Rallying call for Norwich park and ride system

Norfolk County Council is convinced that controversial cuts imposed on Norwich's park and ride system will both protect the bus network and safeguard its future.

In an interview with the Evening News, Tracy Jessop, head of the county council's passenger transport unit, defended the measures, which include an increase in a standard adult return fare from �2 to �2.30 from April 2.

Reduced services and and the closure of some facilities at the city's six park and ride sites have also prompted criticism from Norfolk Buswatch and the Green Party.

The cuts to the park and ride service are all part of the council's bid to meet the government-imposed �155m of cuts over the next three years.

But despite the measures, Ms Jessop has urged people across the city and beyond to take to the bus and help boost park and ride passenger numbers, which have dropped from a peak of 3.7m in 2005 to just under 3m last year.


You may also want to watch:


She said: 'It is cheaper than a regular bus fare by far and away in comparison – about 30pc cheaper.

'The quality is high and there is a good frequency as well – up to [every] 15 minutes.

Most Read

'Most of the time you can board straight away and I think it is a high end, high quality service.

'We're really proud of the service we deliver; it is award-winning and people travel to see the good and bad points of the system and learn from us.

'Irrespective of the current issues with the cuts, our customer satisfaction levels have always been very high, about 95pc, and most of our regular passengers are very passionate about the service.'

As well as the fare rises, some services will begin later in the morning and finish earlier in the evening and at two sites – Postwick and Costessey – Saturday services will no longer run.

Norfolk County Council operates six purpose built park and ride sites, more than any other city in the UK, and has received praise in the past from central government.

Green Party environment and transport spokesman Andrew Boswell criticised the cuts, particularly the decision to close on-site facilities such as toilets and manned reception desks.

He said: 'There are a number of reasons for the numbers going down, like cutting lighting at nights and services on Saturdays.

'Those things are going to have a major impact and it is clear to see that cuts will not only allow numbers to continue to keep dropping, but will also make the service a lot worse.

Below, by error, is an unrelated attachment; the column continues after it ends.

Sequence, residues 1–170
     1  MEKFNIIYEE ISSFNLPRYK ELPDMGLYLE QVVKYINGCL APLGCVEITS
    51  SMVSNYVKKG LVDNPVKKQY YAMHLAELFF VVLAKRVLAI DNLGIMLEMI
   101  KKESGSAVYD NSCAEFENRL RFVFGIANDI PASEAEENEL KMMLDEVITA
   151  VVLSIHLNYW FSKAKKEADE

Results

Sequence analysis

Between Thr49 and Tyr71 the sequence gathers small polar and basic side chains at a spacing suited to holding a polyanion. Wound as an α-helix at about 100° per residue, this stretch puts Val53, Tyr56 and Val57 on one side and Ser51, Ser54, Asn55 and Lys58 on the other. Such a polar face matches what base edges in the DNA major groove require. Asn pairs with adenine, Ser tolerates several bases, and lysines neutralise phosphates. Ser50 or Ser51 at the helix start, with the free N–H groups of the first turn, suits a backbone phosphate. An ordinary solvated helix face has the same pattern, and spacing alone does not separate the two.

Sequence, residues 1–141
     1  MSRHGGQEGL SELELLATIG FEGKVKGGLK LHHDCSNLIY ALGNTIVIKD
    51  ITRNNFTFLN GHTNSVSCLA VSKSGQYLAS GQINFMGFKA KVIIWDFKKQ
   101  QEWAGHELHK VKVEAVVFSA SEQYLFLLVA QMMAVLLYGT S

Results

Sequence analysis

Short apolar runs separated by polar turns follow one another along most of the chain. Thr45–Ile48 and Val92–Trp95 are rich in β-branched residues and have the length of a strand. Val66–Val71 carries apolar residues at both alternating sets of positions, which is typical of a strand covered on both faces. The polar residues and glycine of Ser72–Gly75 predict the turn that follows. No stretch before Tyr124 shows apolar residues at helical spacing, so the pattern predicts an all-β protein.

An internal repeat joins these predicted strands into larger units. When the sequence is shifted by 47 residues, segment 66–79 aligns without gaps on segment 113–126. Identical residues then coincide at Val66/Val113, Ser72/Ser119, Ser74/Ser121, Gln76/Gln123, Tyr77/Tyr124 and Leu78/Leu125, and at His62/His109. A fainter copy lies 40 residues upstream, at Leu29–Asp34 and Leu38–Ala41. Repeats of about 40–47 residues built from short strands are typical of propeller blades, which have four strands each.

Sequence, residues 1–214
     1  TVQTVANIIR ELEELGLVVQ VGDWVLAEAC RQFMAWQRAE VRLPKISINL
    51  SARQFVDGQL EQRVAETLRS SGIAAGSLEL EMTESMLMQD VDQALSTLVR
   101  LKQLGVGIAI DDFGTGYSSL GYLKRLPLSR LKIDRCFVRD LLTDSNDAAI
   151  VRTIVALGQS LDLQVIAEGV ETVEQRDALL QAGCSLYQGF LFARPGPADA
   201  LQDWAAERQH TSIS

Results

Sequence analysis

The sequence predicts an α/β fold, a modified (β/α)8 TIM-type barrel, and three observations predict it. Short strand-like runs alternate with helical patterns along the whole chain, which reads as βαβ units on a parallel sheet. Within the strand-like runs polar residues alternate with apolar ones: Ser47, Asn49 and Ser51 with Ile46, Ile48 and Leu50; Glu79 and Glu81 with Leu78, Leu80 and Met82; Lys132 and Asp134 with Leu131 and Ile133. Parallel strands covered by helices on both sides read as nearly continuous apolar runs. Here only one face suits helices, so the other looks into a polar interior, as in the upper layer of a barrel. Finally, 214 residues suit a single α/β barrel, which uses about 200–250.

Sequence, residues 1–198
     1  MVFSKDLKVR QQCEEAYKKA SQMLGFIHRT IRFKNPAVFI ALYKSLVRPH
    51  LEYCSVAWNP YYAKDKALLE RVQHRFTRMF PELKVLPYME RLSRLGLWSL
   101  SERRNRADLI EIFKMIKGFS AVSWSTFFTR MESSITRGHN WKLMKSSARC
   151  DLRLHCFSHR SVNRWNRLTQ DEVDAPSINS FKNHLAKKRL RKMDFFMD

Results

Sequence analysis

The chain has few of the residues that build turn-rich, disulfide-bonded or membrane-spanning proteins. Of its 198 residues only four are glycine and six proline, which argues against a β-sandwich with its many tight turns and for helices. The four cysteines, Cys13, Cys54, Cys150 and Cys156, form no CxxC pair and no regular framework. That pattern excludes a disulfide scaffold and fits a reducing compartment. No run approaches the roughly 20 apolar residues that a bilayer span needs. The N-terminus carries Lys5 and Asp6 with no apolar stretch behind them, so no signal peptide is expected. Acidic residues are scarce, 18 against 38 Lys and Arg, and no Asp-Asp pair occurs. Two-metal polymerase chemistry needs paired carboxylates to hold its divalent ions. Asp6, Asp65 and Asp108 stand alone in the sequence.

'That is very bad for the local environment because rather than getting people out of their cars and on to public transport, it will have the opposite effect.'

John Peacock, co-ordinator for Norfolk Buswatch, said the opportunity for people to reduce their carbon footprint needed to be emphasised better if passenger numbers are to pick up again.

He said: 'Looking at the bigger picture, with all the emissions that cars bring into the city centre, I'm not sure the green card is being played enough.

'But support from national government is needed for that and the green agenda seems to have been put on the back burner by the government with everything else that is going on.

'Norfolk has been a pioneer of the park and ride system over the years; there are more services in this county than anywhere else in the UK, and we should be proud of that.

'It has made a valuable contribution to reducing the amount of cars in the city centre but it is rather unfortunate that the present cuts and reductions in services have had to be made.

'Particularly the closure on Saturdays of Postwick and Costessey is most unfortunate and increases worries about the number of cars that will be coming into the city centre.'

However, Ms Jessop countered that criticism, saying that the county council had to make cuts to protect the service.

She said: 'The costs of the sites without running any buses is significant. We pay a lot of money for utilities like water, which we won't pay any more with the toilets closing, and other things like business rates.

'All of that is in excess of �300,000.

'We would hope to generate additional income by bringing some aspects of the facilities back into use over time.

'However we are realistic about the level of income we could generate. We do have previous experiences on sites that includes hosting car servicing, flower selling and newspaper vending, and while it adds value for park and ride users, it generates a relatively low return.'

Despite fewer services from April, Ms Jessop urged people to make use of the city's park and ride services.

'A lot of people perceive that it will be easier to drive into the city centre and go to a car park, but actually the park and ride is very convenient and very quick.

'It is for visitors and residents of Norfolk and it is not anti-car. It is an alternative use for some journeys; it doesn't have to be all the time.

'It takes you right into the heart of the city centre and is actually quite enjoyable in my view.'

Will the park and ride changes have a dramatic effect on your life? Contact reporter David Freezer on 01603 772418 or on email at david.freezer@archant.co.uk

What do you think? Write to Evening News Letters, Prospect House, Rouen Road, Norwich, NR1 1RE, or email eveningnewsletters@archant.co.uk

Become a Supporter

This newspaper has been a central part of community life for many years. Our industry faces testing times, which is why we're asking for your support. Every contribution will help us continue to produce local journalism that makes a measurable difference to our community.

Become a Supporter